optimal care for children in the emergency department

Did you know that of the approximately 119 million visits to an emergency department (ED) each year, nearly 20% are made by children? That means that nearly 24 million children are seen in EDs each year. There are nearly 4000 EDs in the US, and only a minority of those are in children's hospitals, or hospitals with pediatric training programs, or clearly identified pediatric ED's. Emergency care for children was identified by the institute of medicine (IOM) in 2003 as woefully in need of improvement. The IOM found that EDs often lack the expertise and equipment needed to provide appropriate care for childre during emergencies.

In 2009, a joint policy statement was published by the American Academy of Pediatrics (AAP), the Emergency Nurses' Association (ENA), and the American College of Emergency Physicians (ACEP), detailing ways to optimize the care of children who present to community hospitals in need of emergency care. You can read the statement by clicking this link:  joint_policy_statement_guidelines_care_of_children_emergency_department.

Because many of the issues noted by the IOM continue today, just this August the same group, in conjunction with the Emergency Medical Services for Children (EMSC) National Resource Center, and Children's National Medical Center in Washington, DC,  released a checklist ( ED_CHecklist_aap) to help guide all community hospitals that have a 24-hour service, regardless of how frequently they see pediatric patients, to know what they should have in the way of supplies, personnel and policies.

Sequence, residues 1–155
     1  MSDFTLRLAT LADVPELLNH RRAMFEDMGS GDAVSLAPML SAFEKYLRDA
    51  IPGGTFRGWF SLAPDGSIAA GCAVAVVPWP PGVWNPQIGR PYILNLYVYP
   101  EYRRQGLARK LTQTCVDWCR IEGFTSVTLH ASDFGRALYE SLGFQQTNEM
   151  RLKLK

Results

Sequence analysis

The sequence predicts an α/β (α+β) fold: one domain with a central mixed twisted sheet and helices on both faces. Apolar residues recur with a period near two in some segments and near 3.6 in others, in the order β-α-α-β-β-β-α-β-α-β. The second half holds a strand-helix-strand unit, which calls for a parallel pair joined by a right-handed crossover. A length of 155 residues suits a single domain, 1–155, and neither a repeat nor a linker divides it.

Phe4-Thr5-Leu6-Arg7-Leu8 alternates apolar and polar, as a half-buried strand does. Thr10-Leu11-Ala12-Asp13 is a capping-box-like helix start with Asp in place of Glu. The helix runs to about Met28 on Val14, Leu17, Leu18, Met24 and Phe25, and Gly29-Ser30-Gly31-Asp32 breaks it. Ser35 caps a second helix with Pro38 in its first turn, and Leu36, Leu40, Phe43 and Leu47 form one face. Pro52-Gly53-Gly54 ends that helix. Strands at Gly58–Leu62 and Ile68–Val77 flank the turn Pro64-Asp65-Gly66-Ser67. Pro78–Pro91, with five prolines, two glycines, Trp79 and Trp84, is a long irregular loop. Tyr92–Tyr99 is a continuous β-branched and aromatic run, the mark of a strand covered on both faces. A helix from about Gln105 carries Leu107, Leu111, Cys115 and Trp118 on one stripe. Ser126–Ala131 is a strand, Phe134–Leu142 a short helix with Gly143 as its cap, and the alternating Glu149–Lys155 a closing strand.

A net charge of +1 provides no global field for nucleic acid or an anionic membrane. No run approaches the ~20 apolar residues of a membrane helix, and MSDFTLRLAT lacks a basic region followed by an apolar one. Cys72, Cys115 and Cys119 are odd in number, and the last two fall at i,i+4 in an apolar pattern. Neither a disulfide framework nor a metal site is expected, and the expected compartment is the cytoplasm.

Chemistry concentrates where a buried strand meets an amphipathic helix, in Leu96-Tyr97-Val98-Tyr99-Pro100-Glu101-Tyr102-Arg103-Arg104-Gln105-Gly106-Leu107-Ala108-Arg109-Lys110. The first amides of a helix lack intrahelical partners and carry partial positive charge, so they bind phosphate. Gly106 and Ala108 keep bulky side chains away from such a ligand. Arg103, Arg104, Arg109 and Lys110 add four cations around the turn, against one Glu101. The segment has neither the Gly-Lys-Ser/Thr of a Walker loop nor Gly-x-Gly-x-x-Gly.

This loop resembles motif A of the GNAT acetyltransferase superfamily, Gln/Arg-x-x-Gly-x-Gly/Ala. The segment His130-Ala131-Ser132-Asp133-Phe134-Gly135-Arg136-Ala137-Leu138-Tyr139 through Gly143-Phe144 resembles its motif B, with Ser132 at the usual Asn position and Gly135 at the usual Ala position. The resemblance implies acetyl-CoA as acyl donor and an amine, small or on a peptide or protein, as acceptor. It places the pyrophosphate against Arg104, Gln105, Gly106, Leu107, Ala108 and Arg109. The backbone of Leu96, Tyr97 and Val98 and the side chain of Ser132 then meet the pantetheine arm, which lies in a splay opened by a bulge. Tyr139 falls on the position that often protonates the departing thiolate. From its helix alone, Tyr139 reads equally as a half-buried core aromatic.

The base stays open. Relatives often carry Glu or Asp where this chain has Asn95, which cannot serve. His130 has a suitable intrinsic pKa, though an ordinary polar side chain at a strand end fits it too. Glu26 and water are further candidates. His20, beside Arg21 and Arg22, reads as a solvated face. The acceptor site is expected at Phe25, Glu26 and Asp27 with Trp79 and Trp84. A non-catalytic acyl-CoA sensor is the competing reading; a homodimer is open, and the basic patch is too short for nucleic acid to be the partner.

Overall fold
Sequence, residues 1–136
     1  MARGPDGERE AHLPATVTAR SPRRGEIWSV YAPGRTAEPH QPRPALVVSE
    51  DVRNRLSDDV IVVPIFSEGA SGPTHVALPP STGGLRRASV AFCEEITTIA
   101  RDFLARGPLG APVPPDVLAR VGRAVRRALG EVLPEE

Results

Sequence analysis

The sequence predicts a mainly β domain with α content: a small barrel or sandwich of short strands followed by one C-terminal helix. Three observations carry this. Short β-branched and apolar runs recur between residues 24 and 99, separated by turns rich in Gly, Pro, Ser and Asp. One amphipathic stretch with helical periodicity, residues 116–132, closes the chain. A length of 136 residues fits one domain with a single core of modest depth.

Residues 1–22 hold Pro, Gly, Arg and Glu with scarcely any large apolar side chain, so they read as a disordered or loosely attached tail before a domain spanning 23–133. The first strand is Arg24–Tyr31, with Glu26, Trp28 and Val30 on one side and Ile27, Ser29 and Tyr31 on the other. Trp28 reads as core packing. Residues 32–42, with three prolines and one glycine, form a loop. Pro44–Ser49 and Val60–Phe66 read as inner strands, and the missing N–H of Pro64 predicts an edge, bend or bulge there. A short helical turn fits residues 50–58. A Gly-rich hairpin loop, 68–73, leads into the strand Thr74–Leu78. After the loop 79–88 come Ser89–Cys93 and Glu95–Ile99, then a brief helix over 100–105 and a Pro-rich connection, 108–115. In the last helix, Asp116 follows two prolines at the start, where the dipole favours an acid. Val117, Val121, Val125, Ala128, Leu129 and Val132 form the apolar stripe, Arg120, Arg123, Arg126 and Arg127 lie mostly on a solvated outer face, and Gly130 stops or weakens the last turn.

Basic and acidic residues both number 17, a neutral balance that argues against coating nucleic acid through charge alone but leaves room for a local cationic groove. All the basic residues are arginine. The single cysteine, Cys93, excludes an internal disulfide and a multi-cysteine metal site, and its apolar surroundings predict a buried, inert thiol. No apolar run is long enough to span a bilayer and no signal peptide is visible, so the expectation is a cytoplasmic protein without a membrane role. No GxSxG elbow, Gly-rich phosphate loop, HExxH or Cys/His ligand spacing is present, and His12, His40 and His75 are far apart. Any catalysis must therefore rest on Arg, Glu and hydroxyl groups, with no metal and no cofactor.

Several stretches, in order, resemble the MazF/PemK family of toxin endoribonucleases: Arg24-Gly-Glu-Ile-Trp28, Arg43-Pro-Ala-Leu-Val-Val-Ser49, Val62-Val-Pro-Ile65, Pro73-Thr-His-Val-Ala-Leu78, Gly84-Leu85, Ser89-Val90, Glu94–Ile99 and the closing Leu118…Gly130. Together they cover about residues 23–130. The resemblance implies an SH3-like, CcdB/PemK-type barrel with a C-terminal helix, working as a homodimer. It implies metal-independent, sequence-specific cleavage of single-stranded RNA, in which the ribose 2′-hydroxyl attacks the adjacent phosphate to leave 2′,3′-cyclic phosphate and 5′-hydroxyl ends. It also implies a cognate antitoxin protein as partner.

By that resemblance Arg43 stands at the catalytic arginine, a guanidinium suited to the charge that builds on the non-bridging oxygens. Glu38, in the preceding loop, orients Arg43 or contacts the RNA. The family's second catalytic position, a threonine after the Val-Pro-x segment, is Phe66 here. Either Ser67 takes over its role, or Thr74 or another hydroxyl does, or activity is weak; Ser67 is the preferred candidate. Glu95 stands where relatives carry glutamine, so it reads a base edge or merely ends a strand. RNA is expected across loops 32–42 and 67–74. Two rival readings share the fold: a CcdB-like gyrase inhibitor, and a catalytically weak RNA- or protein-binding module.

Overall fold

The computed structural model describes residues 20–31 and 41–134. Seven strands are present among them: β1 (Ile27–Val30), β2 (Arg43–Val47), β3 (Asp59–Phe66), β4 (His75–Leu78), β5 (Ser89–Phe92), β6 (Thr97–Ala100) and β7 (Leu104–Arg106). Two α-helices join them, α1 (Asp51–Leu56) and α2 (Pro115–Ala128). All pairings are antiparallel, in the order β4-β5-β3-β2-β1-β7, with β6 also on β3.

It is encouraging to me that the checklist starts with what is the most important aspect--personnel--that every hospital should have a physician coordinator and a nursing coordinator for pediatric care. It goes on to describe competencies for all physicians and nurses who will provide care to children in the ED, and what kind of quality improvement/process improvement activities ought to be in place to assure children are cared for optimally.

It talks about policies and guidelines for management of a variety of situations, and  only at the end does it mention equipment. In my experience, too often we believe if we have the equipment, we can handle the situation. In medicine it does not work like that. Without appropriate  knowledge and experience (in other words, well trained people), equipment and supplies can be useless.

Just this weekend, we received a few patients into our inpatient unit here at the Carilion Clinic Children's Hospital in transfer from community hospitals. Parents told me that they were happy to be in our hospital because of issues with obtaining the proper equipment, or providing the necessary therapy for their children. Our transport team, made up of nurses and respiratory therapists with specialized training in emergencies, critical illness and trauma in neonates and children, often is asked to move those patients from the referring hospital ED or elsewhere to our hospital. Our physicians are available to provide input and guidance at all times.

The five pediatric tertiary centers in the Commonwealth of Virginia--Inova/Fairfax, Children's Hospital of the Kings Daughters, VCU, UVA and Carilion, all participate in regional tranport arrangements to assist patients in moving as safely and rapidly as possible when the need arises.